By AVA WELSH
Usually associated with the release of wildlife-centric Disney films and parents forcing kids outside to enjoy a sunny afternoon, Earth Day has had a constant presence in America for almost half a decade. In this time of environmental turmoil, with oil spills destroying the ocean and global warming predicted to warm the earth eight degrees by 2100, the knowledge of environmentally-friendly practices is essential, especially to younger generations.
Although Earth Day has been celebrated for many years, UHS held its first annual “Earth Week” celebration – which includes Earth Day – this year. Being so new, it is understandable that there were bumps throughout the week; however, the week’s novelty does not excuse the issues surrounding the events themselves.
The scheduled events for Earth Week were largely dress-up days, as follows: students were to dress up as animals in honor of Meatless Monday, wear garbage bags for Trashbag Tuesday, dress as hippies on Wednesday and wear activewear on Thursday. Ultimately, these events completely contradicted the promoted goal of Earth Week, which should have been to promote conservation and create environmentally conscious members of society.
Instead, they have turned students away from the cause by treating them like small children playing dress-up in elementary school and, in turn, led most to remain uninvolved and view the week as a joke. But besides simply turning the majority of the student body away from the message, these events have ironically served to create environmental issues of their own.
Meatless Monday, for instance, should have been focused on instructing students and faculty alike about how not consuming meat can be incredibly environmentally-friendly, saving the almost 460 gallons of water used to produce only ¼ a pound of beef.
However, instead of any education about the effects of having a meat-free diet on the environment, Monday was filled with only a handful of students dressing up as their favorite animal, taking away both the seriousness in inspiring others to take a meat-free diet and the spirit from the majority of students.
Following this, Tuesday’s events came to be the worst representation of a fundamental ideal Earth Week should be promoting: conservation. By having students dress up in trash bags, the planners of Earth Week not only opted for another day with no education about why recycling is important and how much of a difference it can make, but also forced UHS students to add to the problem. By wearing completely unused garbage bags, students actually created trash by wasting plastic bags. After wearing them for a day, students threw these unused bags away, thereby unnecessarily adding to the waste problem already creating floating plastic masses in the ocean.
The next two days followed with dress-up disasters of their own, starting with Wednesday, which was originally called “Vegan Day” during Friday’s homeroom announcements. Wednesday encouraged students to poke fun at the stereotype of vegans by dressing as hippies. Organizers once again ignored education opportunities to teach about the health and immense environmental benefits of living a vegan lifestyle. Instead, they had UHS students help push forward unneeded and untrue stereotypes.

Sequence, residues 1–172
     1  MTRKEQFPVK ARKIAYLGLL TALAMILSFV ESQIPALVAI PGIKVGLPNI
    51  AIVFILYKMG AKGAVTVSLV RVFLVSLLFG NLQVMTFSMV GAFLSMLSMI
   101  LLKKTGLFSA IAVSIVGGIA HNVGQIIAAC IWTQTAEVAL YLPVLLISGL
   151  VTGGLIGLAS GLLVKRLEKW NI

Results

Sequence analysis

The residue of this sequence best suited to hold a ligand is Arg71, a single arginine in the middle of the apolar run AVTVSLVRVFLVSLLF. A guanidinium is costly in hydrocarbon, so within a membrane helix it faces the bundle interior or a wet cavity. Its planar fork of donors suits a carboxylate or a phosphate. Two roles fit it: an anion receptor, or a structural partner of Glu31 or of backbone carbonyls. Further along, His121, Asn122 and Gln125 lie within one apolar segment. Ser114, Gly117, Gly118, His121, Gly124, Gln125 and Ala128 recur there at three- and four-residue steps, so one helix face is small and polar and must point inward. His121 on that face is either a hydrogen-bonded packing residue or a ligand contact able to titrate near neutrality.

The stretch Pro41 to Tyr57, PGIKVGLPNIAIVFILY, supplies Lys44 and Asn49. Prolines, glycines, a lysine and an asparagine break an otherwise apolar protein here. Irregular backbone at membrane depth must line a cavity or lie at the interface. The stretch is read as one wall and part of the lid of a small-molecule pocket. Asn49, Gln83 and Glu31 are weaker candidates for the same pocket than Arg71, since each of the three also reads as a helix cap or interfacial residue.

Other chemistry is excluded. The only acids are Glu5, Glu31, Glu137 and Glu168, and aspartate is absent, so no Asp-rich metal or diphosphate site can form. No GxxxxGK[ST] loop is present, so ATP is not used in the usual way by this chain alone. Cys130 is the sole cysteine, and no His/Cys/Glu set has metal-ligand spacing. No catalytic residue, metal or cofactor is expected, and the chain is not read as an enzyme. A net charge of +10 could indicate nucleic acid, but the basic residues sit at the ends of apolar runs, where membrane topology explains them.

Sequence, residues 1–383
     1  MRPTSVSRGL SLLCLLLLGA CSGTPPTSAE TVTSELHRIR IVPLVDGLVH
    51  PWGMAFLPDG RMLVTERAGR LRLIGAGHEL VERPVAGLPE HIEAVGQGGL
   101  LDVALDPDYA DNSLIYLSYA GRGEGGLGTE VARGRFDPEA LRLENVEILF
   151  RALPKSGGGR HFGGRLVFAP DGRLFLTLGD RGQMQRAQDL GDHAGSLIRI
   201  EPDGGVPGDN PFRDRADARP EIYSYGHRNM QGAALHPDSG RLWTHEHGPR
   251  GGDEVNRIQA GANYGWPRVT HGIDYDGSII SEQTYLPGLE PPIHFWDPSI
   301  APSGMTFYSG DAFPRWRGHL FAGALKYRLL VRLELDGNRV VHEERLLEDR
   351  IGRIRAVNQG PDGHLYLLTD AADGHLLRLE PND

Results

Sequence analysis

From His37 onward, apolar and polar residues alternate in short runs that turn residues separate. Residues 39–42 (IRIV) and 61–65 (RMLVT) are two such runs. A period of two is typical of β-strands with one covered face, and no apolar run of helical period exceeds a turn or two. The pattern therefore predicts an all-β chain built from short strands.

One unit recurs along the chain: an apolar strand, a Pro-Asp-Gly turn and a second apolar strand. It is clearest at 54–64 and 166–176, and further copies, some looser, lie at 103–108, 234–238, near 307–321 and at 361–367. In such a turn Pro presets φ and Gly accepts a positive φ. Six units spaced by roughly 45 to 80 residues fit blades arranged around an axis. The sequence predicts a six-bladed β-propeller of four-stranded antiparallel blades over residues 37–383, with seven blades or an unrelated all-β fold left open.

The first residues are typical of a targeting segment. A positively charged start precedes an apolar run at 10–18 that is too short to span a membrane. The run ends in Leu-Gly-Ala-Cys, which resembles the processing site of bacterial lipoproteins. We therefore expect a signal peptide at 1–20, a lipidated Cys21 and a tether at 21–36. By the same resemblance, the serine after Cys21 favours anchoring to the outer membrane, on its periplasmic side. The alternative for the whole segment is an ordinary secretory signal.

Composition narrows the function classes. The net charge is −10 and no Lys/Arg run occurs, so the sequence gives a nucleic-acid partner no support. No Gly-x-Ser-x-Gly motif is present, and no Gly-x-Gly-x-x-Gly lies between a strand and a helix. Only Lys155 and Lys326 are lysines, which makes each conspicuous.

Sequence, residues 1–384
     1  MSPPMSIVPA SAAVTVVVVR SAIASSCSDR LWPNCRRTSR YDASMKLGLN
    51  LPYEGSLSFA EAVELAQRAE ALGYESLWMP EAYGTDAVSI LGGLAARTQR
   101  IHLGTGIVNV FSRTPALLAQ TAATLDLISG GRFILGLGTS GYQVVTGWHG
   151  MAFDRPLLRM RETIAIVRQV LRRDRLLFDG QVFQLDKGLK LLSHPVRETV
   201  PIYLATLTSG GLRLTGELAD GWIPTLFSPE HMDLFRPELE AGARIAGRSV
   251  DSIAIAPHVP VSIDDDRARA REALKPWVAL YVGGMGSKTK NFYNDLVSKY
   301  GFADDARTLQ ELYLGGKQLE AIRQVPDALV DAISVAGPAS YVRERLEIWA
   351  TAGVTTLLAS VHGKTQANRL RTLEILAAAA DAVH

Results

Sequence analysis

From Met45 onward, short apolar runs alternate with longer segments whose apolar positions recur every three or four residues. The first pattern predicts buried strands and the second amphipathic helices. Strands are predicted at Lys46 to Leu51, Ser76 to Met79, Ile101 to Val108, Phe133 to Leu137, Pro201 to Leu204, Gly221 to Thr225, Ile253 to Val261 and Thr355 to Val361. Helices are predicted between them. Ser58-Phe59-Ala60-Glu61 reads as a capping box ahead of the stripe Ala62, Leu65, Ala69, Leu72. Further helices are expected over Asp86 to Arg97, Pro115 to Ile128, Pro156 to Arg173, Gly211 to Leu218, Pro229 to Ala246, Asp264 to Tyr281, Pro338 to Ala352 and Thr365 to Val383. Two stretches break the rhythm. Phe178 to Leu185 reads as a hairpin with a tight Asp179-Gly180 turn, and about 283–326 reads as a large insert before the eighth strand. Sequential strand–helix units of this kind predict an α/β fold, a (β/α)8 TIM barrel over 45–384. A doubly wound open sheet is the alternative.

The last day of Earth Week’s dress-up days featured Thursday’s activewear day, on which participation still ran low. Most students who donned active gear seemed, instead of trying to help promote an active lifestyle (once again without any informative ideas about why an active body leads to a healthy environment), to have simply worn their usual day’s attire.
Alongside the dress-up events Eco Club had organized, a speaker series about climate change also took place on Wednesday, as did a recycling competition between grade levels on Friday. Of the whole week, these two events were the only ones even slightly helpful in legitimately promoting an environmentally-conscious mindset in students by actually informing them of the effects of global warming and promoting recycling, respectively. By lacking the tacky aesthetic of dress-up days, these two events actually served to teach students about the environmental issues surrounding them instead of being the source of student body jokes.
All in all, it was not so much the events of Earth Week themselves, but the effects of the lack of planning and creativity that were the biggest problem. Earth Week came across to the majority of the student body as an unpublicized and rushed event and was, therefore, shrugged off as just another event to joke about for a week or two on campus.
But our environment shouldn’t be a joke, especially with how our students are experiencing an environmental disaster firsthand, in the form of the California drought – environmental protection should be at the forefront of students’ minds. Posters with statistics about water wastage, a day dedicated to teaching kids about the sustainability of succulents versus watered grass or a school wide effort to pick up the trash littering campus would all have been valuable Earth Week activities.
Understandably, there are always issues surrounding the first celebration of any event, and UHS finally hosting an Earth Celebration is an incredible step forward in creating an eco-friendly school and student body.
Personally, I hope the club will continue on for many years; however, a week treated like a joke, lacking education about real issues and serving to only push students away from becoming passionate about the severity of our environment was simply wasteful.